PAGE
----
How Brilliant Landscaping will Increase Your Property Value Right Away

Landscape Property Value - Country Springs Wholesale NurseryIncrease Your Landscape Property Value Without Breaking a Sweat

Does landscaping increase property value? If horticultural studies are anything to go by, there can be as much as a 12% increase in property value from landscaping alone.

The value in a pleasing landscape is obvious. People want a weed-free lawn and attractive flower beds. When they host a family barbecue, they want to be proud and not embarrassed.

How to use Landscaping to Attract Buyers

The first thing that buyers will see is the outside of your house, so it must look as good as possible. Remember, a home that has a well maintained yard signals to buyers that the inside of the home is well maintained too.

To increase landscape property value and attract buyers, it is crucial to have a good landscaping plan in place before you do any actual landscaping. If you make landscaping decisions without looking at and knowing the big picture, the landscape will likely appear disorganized in the end, which will turn off prospective buyers.

A professional landscaper can provide you with clever designs that are suitable for your yard and climate.

If you don’t want to hire a professional, at least start by drawing up a master plan for the landscaping project and commit to small chunks each season. Even if you are an amateur, you can create a professional landscape for around $500 – $3000. Price factors include which landscaping company you choose as well as the plants and materials for the project.

Benefits of Landscape Property ValueLandscape Property Value Options - Country Springs Wholesale Nursery

Speaking of plants, natural plants are worth the effort of planting. Native plants usually grow better than foreign, exotic plants. Healthy plants don’t need replacing as much, so you can save a lot of money as plants can be expensive.

The higher price you pay for plants is reasonable because landscaping will increase property value right away, and it is truly one of the few improvements that can do this. And the value will also increase over time; interior design and decor can go out of style, mechanical systems can wear out, but plants will grow and improve each year.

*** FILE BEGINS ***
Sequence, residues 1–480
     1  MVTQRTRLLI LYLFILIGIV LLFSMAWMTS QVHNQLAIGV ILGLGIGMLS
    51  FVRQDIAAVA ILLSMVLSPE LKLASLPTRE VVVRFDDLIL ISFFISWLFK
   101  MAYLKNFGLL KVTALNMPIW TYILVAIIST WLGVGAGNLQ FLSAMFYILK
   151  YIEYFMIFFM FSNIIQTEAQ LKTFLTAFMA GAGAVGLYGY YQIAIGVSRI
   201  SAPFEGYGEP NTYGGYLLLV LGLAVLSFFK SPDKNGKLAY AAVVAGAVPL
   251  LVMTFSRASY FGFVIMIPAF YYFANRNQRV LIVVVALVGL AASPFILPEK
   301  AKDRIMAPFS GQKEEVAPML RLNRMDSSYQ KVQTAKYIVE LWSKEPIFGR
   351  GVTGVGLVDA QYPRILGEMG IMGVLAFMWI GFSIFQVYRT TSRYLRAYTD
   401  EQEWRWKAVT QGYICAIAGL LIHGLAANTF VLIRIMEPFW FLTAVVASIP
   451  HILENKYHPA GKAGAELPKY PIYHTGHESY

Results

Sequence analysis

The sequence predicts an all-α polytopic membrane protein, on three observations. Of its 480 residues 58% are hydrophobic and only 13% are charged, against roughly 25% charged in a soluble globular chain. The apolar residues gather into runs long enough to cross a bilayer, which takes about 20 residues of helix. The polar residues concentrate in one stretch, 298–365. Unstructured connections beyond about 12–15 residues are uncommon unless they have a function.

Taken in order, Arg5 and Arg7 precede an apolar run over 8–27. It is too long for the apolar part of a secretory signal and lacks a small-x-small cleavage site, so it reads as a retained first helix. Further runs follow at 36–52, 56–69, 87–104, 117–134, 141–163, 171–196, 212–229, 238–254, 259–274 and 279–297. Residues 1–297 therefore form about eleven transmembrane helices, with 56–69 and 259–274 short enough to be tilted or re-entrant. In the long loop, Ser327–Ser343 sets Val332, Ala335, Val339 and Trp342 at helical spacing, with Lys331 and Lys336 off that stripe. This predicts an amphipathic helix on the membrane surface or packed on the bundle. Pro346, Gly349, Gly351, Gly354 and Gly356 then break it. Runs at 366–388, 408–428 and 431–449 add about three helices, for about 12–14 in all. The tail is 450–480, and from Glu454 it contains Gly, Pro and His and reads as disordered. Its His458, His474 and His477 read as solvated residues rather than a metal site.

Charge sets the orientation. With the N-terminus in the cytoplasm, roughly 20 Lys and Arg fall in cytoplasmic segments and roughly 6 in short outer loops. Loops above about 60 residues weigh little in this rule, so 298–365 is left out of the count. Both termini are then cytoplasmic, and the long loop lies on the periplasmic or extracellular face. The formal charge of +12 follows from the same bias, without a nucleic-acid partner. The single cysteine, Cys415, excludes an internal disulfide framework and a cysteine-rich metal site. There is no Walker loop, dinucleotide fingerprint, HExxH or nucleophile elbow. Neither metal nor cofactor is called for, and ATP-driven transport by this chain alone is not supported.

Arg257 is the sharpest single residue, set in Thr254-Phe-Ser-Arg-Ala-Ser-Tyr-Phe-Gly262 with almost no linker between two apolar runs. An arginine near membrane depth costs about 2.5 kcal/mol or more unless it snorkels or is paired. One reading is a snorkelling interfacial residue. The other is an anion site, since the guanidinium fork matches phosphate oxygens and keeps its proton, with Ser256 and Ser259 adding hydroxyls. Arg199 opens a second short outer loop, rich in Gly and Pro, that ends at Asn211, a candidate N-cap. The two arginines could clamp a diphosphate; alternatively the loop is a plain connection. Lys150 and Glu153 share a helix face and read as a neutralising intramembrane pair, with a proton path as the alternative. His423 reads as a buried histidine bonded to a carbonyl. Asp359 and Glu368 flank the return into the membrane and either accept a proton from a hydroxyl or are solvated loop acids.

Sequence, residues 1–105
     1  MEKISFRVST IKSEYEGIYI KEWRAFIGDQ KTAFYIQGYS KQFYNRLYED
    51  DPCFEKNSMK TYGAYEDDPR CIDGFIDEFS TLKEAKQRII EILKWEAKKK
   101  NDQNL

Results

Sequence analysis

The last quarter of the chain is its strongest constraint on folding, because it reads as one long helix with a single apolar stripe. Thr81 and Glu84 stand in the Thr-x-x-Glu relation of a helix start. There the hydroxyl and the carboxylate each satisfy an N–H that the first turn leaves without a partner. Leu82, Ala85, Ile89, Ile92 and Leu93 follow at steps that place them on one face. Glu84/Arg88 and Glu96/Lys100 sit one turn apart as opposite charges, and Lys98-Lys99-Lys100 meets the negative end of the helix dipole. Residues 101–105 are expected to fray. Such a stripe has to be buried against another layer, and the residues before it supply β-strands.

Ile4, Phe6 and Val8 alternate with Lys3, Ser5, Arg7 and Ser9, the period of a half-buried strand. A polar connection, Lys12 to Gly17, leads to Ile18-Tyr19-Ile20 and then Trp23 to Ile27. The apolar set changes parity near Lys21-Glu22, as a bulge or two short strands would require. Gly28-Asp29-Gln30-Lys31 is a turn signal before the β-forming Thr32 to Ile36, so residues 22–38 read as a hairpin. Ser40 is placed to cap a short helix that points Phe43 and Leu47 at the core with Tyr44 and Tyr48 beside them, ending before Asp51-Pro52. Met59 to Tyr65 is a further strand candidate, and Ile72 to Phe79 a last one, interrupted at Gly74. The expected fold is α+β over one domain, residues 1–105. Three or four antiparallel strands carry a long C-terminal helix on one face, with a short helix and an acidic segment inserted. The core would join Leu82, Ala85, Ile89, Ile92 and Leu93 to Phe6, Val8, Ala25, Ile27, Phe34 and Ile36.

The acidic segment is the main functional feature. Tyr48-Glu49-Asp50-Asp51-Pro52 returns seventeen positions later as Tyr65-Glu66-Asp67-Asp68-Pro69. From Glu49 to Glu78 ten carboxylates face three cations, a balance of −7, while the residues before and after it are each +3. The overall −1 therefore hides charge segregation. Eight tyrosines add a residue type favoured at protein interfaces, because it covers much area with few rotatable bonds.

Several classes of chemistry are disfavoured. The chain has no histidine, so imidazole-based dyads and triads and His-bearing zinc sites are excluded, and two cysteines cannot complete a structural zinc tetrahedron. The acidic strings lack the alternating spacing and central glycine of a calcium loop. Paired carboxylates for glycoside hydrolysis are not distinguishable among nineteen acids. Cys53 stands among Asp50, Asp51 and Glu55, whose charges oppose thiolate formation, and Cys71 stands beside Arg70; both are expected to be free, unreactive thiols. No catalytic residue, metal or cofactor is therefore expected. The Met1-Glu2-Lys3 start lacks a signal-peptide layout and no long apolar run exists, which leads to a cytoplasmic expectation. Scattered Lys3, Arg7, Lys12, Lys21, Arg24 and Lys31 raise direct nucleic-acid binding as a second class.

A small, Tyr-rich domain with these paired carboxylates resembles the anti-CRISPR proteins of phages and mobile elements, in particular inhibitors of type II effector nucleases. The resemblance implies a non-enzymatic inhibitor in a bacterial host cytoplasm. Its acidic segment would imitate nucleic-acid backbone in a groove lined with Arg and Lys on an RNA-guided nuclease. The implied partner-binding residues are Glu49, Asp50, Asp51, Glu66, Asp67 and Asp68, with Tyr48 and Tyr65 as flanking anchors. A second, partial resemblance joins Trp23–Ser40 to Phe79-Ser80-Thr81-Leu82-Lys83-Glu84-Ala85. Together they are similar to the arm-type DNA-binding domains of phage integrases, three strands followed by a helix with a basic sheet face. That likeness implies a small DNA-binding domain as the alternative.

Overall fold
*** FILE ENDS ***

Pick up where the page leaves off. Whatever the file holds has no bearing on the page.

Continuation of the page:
Finally, in case you aren’t experienced with gardening, gardening is fun and relaxing. It has been shown in studies to be a stress reliever. Therefore you will gain in health as well as increase your landscape property value.

Tips for Maintaining Plants

  • Do not let nature take its course. Do proper maintenance on the plants – they will be healthier and prettier.
  • The longevity of plants is a result of their health. Their roots must be healthy and unconfined. If there is a problem with the roots the plants will eventually show it.
  • When a shrub gets too big and bushy on the outside, the inside of the plant suffers, so make sure to keep them pruned.

Pruning Hydrangea – Everything You Need to Know in a Nutshell

Pruning Hydrangea - Country Springs Wholesale Nursery

How Pruning Hydrangea Can Rejuvenate Your Plants… Or Ruin Their Beauty

Hydrangeas are strikingly beautiful flowers, and with minimal effort they can take care of themselves.
However, if there are any dead or faded flowers or stems, you may need to start pruning your hydrangeas. This should be done immediately.

There are two ways to go about pruning hydrangea. That’s because there are two types of hydrangeas: old wood hydrangea and new wood hydrangea. If you aren’t sure which type you have, you can check the plant label if you have it. If you don’t have it, you can still look at the leaves.

In this article we will go into more detail on how you can check which type of hydrangea you have and how to start pruning hydrangea of either type.

Old Wood Hydrangea

Old wood hydrangea includes mophead, lacecap and oakleaf flowers. This type of hydrangea is referred to as old wood because they have flowers that bloom on old wood. The term old wood refers to last year’s growth, which means that the buds are set in the fall and are projected to bloom in the spring.